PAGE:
With all of the hooplah about falsified evidence for anthrogenic global warming and the suppression of evidence against it, Al Gore has been silent for some time. He has, however, decided to finally grace the pages of the New York Times with his wit and wisdom. In a charming editorial, Gore talks about how the proposed cap-and-trade legislation, which will increases taxes, utility costs, reduce jobs, and generally damage an already faltering economy, is so fantastic that even in global warming weren’t a trumped up fearmongering program that wasn’t supported by actual evidence, it would still be a spiffy idea. Of course, the famously uncritical New Yorks Times hasn’t bothered to cover the whole Climategate fiasco, which provides evidence that global warming is in fact a trumped up fearmongering program that isn’t supported by actual evidence, nor has it bothered to investigate Gore’s conflict of interest, as he stands to make billions off of his carbon trading initiative. Gore’s article is handled pretty well over at Several other commentators have latched onto Gore’s article and given it thorough treatment, including Counterculture Conservative, Jillian Bandes at Townhall, and Scipio at Red State but I’m more interested in something specific that he said in it.
Jonah Goldberg at the National Review Online highlights just one verse from Gore’s paean: “From the standpoint of governance, what is at stake is our ability to use the rule of law as an instrument of human redemption.” Goldberg’s response is priceless:
Surely, a claim is in trouble when you can swap out a phrase like “from the standpoint of governance” and helpfully replace it with “from the standpoint of Glaxar: Supreme Ruler of the Known Universe” or “from the standpoint of the Hale-Bopp Cult . . .”
But let’s look at what our former Vice President has said once again.
From the standpoint of governance, what is at stake is our ability to use the rule of law as an instrument of human redemption.
This should absolutely terrify everyone who reads it.
First of all, what in the hell is the “standpoint of governance”? The Founding Fathers regarded government as a necesary evil that should be restricted as much as possible. The standpoint of government should be that of the people government serves. Yes, that government serves, not those that serve government. Gore’s position seems to presuppose that government has a position above and beyond the people,which that government appearently needs to care for and control.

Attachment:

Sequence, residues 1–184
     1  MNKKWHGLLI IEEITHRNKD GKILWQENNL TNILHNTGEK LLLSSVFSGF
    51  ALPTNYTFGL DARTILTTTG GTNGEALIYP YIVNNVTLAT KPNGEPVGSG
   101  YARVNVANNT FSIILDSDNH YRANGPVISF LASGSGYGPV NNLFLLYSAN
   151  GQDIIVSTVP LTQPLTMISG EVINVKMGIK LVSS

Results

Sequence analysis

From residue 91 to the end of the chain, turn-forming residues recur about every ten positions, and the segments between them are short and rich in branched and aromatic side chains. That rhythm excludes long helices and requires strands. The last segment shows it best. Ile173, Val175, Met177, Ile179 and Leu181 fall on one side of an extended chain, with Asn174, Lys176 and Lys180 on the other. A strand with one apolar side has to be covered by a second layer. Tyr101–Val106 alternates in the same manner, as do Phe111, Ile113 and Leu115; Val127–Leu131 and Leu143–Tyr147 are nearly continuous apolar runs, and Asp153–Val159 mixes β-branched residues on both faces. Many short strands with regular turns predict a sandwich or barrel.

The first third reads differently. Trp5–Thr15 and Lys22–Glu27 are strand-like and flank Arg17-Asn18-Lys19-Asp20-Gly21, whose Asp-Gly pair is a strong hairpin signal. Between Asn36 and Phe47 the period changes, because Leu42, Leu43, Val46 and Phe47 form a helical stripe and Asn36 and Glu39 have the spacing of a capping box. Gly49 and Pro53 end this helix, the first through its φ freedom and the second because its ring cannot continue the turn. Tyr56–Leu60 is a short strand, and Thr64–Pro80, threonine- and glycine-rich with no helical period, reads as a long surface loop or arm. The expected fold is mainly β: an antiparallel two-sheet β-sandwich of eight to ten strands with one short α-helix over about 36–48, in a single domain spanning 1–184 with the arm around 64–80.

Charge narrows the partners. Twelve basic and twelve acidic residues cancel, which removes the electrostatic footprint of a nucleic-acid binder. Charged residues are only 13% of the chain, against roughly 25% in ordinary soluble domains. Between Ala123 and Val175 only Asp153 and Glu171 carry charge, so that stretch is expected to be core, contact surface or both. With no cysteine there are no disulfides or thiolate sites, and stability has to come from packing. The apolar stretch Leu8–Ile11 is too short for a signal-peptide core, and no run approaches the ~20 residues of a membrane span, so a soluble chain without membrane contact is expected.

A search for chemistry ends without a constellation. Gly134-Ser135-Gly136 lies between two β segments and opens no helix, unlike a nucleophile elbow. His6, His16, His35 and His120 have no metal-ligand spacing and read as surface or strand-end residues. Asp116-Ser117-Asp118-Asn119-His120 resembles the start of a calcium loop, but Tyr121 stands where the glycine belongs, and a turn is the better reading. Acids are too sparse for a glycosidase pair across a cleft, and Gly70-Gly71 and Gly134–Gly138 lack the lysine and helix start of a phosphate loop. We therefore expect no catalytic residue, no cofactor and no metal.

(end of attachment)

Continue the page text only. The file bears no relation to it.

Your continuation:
The very fact that Al Gore can suggest that the rule of law can be used as an instrument of “human redemption” tells me that he has no fundamental understanding of how our government is structured, why it was created, how it is suposed to operate, and who is supposed to be in charge of it.It tells me that his goal is to use government to engineer the “redemption” of man, to establish the progressive utopia that will save us all from ourselves. It tells me that he believes that it is his job, his right, to tell all of us what’s best for us, since he is so much more elnightened, and that he is willing to use the rules of law (i.e. deadly force) to impose this upon us.
And Gore’s language is explicitly religious. This is not about science or economics. This is about perfecting humanity according to Gore’s vision. Senator Palpatine couldn’t have said it better.
This is the true goal of the AGW crowd. Do not be duped into thinking that climate change legislation has anything to do with concern with the environment. It has to do with the desire to control the lives of others and impose a faux perfection upon the common folk that are seen as too ignorant to live their own lives. It is a desire to establish a theocracy with progressivism as the central dogma, and with dissent as the utmost sin.
That this man can even be considered qualified to hold any public office is a travesty. That there are people that support and defend his positions is a greater one.